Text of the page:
With regard to maternity protection, statutory maternity leave is 52 weeks, made up of 26 weeks of ordinary leave and 26 weeks of additional leave during which employment is protected. Maternity leave is paid for up to 39 weeks, at the rate of 90% of average weekly earnings for the first six weeks. For the remaining 33 weeks, maternity leave is paid at £138.18 per week, or 90% of weekly earnings, whichever is lower. Moreover, the government provides one-off payments of £500 to help towards the cost of having a first child though the Sure Start Maternity Grant scheme. The Work and Families Act 2006 extension of paid statutory maternity leave and maternity allowance from 26 to 39 weeks has proved successful in increasing the mean length of maternity leave, but research shows that the remaining period of unpaid leave is taken up by only 45% of mothers (Moss, 2013).

Statutory paternity leave is paid for two weeks at £138.18/week or 90% of average weekly earnings, whichever is lower. It can only be taken from 20 weeks after the birth or adoption of a child, and not after the first birthday or 52nd week from the adoption of the child (Moss, 2013). Additional paternity leave is unpaid and may be taken for 26 weeks. Survey data reveal that, in 2010, 91% of fathers took time off around the time of their child’s birth, mostly in the form of paid statutory paternity leave alone or in addition to other paid leave (Chanfreau et al., 2011).

For children born or adopted on or after 5 April 2015, parents will have the option to take shared parental leave, as prescribed by the Children and Families Act 2014. The new scheme aims at allowing more flexibility in parental leave choices, as a mother will keep the right to statutory maternity leave and pay, but she will have the option of ending her leave early to share the entitlement with the father or her partner, spouse, or co-adopter; at the same time or in turns (Moxham, 2013). 

Alongside providing increased flexibility to parents, the aim of shared parental leave is to address the fact that only 0.6% fathers take additional paternity leave after the statutory two weeks, and that the burden of raising children still falls disproportionately on women (TUC, 2013; Butler et al., 2014). Nevertheless, the incentives in place for fathers are still poor, and research suggests that fathers would be more likely to take leave if it was offered on a “take it or lose it” basis (Moss, 2013).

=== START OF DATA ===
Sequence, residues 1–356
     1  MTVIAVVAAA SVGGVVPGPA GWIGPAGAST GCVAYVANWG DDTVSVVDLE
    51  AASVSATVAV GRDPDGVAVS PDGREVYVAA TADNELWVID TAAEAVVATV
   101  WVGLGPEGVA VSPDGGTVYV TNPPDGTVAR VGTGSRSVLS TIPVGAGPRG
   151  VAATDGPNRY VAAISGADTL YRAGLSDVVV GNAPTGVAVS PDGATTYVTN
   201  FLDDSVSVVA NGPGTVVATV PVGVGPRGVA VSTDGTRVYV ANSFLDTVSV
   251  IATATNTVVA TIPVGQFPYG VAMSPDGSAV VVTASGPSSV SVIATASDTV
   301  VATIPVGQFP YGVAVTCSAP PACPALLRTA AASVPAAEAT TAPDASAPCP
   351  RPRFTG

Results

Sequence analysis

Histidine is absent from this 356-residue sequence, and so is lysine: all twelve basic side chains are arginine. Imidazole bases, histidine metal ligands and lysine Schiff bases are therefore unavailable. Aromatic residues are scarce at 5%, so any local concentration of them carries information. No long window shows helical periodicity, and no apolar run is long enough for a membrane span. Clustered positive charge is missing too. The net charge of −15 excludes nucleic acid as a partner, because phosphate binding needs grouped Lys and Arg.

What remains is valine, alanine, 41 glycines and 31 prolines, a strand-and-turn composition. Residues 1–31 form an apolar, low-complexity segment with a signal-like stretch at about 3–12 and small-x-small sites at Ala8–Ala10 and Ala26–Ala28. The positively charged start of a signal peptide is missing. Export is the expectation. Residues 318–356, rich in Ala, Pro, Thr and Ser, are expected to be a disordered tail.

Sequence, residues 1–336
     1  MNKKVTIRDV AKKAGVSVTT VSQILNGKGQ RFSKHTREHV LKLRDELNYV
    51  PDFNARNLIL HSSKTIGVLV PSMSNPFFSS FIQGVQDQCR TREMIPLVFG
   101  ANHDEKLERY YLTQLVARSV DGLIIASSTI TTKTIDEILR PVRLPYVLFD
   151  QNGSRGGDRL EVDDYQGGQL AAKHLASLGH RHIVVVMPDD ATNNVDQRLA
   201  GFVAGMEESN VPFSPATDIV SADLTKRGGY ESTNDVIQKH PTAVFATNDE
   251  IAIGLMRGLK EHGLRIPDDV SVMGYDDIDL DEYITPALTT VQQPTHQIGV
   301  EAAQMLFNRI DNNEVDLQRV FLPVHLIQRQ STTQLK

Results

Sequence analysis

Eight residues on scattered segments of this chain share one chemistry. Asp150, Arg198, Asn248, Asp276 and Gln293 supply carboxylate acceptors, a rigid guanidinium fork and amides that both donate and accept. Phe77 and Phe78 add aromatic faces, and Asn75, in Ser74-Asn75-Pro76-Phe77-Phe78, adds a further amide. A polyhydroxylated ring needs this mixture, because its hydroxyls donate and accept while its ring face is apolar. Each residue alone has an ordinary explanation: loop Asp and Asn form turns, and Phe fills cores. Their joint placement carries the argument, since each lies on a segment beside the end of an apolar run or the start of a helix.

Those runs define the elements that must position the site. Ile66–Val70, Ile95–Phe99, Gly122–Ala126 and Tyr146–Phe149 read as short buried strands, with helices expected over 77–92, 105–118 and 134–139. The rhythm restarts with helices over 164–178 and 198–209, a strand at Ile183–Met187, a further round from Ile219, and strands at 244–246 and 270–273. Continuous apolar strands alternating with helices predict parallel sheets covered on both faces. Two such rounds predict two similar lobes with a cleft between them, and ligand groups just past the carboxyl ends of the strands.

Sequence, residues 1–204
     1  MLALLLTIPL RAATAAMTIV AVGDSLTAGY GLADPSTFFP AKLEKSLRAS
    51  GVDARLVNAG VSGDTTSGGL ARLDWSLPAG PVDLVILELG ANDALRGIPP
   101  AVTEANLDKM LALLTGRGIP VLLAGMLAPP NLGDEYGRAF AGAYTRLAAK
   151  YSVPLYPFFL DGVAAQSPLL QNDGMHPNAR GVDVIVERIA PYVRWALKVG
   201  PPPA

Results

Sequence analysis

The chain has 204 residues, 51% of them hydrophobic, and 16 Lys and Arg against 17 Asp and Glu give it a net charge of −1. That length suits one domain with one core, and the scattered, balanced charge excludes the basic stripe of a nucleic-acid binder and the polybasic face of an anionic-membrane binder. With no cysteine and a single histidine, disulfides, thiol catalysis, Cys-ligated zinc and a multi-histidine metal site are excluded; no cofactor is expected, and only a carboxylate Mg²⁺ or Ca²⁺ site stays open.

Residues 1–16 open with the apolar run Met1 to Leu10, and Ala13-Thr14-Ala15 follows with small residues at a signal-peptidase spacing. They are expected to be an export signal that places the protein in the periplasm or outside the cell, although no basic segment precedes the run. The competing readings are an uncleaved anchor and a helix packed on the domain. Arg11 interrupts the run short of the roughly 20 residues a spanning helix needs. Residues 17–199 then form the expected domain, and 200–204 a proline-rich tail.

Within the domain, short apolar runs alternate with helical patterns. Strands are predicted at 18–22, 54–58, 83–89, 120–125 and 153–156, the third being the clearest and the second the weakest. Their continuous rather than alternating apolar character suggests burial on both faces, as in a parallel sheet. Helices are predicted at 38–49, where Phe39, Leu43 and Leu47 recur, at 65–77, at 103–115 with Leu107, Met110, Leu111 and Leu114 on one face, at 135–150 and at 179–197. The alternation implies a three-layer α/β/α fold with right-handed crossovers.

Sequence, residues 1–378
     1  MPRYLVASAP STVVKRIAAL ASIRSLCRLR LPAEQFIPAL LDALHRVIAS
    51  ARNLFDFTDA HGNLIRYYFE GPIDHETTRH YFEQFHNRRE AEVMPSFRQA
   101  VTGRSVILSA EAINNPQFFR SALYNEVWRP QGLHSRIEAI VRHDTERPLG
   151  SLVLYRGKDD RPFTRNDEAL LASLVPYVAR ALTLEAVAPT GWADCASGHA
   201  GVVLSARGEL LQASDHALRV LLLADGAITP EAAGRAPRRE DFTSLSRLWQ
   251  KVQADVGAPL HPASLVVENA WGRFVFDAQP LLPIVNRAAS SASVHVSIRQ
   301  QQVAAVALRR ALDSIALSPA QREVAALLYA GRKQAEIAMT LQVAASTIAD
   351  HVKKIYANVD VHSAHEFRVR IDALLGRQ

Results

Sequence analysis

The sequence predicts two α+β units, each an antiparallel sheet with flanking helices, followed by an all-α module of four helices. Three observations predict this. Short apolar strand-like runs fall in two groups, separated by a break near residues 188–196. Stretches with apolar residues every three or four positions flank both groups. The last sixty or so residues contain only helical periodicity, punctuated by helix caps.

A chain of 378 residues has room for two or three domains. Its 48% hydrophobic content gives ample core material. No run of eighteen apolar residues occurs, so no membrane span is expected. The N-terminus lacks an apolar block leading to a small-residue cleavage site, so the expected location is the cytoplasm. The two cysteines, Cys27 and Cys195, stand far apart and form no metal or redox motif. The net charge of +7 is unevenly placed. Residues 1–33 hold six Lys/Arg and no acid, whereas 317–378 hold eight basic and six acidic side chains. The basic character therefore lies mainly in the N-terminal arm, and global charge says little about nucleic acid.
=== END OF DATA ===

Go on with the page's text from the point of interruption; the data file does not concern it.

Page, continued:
Finally, the right to unpaid parental leave for children under five years of age (or 18 in the case of disabled children) is granted to parents, adopters, and people with parental responsibility. The limit on how much parental leave each parent can take in a year is four weeks for each child, and employees qualify only if they have been working for the company for more than a year.

 

Family allowances
In the United Kingdom, the approach to social security is typically characterised as focusing on “basic security”, with relatively modest benefits which are either unrelated to previous earnings (flat rate), or earnings-related but with ceilings for low-income families (Brewer, 2009). Some family allowances are means-tested, while others are not based on income. 

The means-tested benefits (i.e., benefits dependent on family income) include the Working Tax Credit and Income Support. People who work at least 30 hours a week (or 16 hours for lone parents and disabled people) and have a low family income are eligible for the Working Tax Credit, although the amount they receive depends on their specific family circumstances. People with a low family income who are not expected to look for work—such as lone parents with children under age five, pregnant women, and severely ill or disabled people—are eligible for Income Support, although the amount they receive again depends on their personal and family circumstances.